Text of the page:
Alex Cooper says she was forced to quit school, carry a backpack of rocks sometimes weighing 40 pounds and face a wall for hours at a time as part of her family’s efforts to change her sexuality after she came out at 15 years old.
Cooper, who identifies as a lesbian, describes her harrowing time at a Utah gay “conversion therapy camp” in a powerful new video produced by the Human Rights Campaign. She said she was subjected to “physical pain and emotional pain” during her eight-month stay at the camp run by a family “who promised to make me straight.”
“I felt like I couldn’t change being a lesbian, but that I could just conceal it” while undergoing the conversion therapy, Cooper said in the clip above. Eventually, she worked up the courage to reach out to a teacher, who helped her escape the experience. In 2016, she documented what she went through in a memoir, Saving Alex.
The video was released Wednesday as part of the Human Rights Campaign’s ongoing efforts to educate Americans on the dangers of conversion, or reparative, therapy practices. A day earlier, Maryland became the 10th state to ban the practice on minors, while New Hampshire and Hawaii recently passed protections that await approval from their governors.
Olivia Dalton, the Human Rights Campaign’s senior vice president for communications and marketing, said in an email statement she hoped Cooper’s testimony would “help fuel the momentum we are seeing across the nation as lawmakers on both sides of the aisle work with us to pass legislation protecting LGBTQ youth from this dangerous and discredited practice.”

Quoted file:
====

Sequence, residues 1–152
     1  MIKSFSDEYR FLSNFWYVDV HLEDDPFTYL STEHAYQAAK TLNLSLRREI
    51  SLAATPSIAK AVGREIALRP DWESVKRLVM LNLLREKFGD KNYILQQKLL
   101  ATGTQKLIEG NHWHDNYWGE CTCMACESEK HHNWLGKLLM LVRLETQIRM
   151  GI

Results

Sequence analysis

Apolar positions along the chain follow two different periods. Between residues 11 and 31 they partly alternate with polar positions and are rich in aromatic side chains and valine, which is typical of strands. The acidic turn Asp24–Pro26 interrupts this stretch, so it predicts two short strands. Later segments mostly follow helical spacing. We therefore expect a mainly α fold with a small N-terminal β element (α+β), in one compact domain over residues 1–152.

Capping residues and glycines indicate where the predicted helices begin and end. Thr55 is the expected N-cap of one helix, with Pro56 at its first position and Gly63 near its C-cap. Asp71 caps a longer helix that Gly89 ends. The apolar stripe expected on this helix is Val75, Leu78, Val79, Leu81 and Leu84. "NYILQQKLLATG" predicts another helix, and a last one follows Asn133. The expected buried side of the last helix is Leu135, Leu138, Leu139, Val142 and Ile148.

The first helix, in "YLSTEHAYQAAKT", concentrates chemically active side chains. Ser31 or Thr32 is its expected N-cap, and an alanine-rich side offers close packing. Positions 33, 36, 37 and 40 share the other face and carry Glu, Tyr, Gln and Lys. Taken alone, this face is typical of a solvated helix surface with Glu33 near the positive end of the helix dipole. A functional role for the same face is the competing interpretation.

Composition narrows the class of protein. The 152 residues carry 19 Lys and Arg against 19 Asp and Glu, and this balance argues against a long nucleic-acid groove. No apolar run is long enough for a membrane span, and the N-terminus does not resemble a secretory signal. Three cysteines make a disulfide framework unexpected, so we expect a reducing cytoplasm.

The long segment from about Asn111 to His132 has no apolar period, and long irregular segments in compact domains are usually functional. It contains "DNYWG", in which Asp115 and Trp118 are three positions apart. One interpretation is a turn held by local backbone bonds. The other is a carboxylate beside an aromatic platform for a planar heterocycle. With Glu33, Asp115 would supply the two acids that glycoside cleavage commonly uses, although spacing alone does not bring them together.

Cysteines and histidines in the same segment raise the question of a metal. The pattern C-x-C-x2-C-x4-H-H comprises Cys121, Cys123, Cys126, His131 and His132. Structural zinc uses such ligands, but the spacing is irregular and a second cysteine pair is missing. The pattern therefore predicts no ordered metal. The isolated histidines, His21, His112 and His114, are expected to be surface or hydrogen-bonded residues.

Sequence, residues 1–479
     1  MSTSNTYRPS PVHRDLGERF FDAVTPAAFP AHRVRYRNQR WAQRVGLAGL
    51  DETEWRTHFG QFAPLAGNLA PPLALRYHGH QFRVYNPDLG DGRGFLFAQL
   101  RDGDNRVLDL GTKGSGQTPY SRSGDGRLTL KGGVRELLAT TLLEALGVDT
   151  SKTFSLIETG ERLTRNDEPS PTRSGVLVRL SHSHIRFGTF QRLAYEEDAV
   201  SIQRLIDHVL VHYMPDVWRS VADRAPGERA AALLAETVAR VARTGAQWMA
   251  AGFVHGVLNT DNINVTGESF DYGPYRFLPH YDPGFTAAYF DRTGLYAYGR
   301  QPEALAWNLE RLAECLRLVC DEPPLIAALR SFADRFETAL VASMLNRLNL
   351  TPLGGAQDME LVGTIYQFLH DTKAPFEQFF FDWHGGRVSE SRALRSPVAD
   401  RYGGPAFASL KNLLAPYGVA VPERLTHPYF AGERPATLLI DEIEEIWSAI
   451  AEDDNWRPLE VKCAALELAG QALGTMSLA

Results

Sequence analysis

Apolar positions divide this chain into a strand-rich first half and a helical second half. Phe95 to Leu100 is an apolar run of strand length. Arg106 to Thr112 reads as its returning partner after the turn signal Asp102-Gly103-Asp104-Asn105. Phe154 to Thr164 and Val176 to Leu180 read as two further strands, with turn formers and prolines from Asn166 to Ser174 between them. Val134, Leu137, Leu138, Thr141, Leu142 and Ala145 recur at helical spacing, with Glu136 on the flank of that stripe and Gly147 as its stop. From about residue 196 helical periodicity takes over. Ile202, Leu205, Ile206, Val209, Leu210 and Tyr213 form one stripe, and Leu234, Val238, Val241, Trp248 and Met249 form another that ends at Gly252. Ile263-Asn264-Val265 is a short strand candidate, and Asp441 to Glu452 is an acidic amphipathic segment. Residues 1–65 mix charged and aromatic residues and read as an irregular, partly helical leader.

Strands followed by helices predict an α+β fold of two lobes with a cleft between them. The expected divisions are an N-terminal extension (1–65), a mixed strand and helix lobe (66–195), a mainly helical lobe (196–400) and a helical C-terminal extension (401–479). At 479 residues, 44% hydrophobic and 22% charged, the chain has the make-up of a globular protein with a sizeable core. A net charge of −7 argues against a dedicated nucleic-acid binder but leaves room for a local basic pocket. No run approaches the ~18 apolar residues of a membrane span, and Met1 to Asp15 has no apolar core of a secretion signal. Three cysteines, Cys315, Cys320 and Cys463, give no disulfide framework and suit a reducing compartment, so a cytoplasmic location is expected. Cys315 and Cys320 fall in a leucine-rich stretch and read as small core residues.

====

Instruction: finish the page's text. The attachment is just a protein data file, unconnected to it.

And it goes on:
She added, “No child should be subjected to this practice that amounts to nothing less than child abuse.”
The American Medical Association, the American Psychological Association and the American Academy of Pediatrics have all discredited conversion therapy. Still, the practice continues to be promoted in conservative religious communities.
A January report published by the Williams Institute at UCLA’s law school estimated that 698,000 LGBTQ Americans between the ages of 18 and 59 have undergone conversion therapy at some point. About 350,000 of those received that treatment as adolescents, according to the report.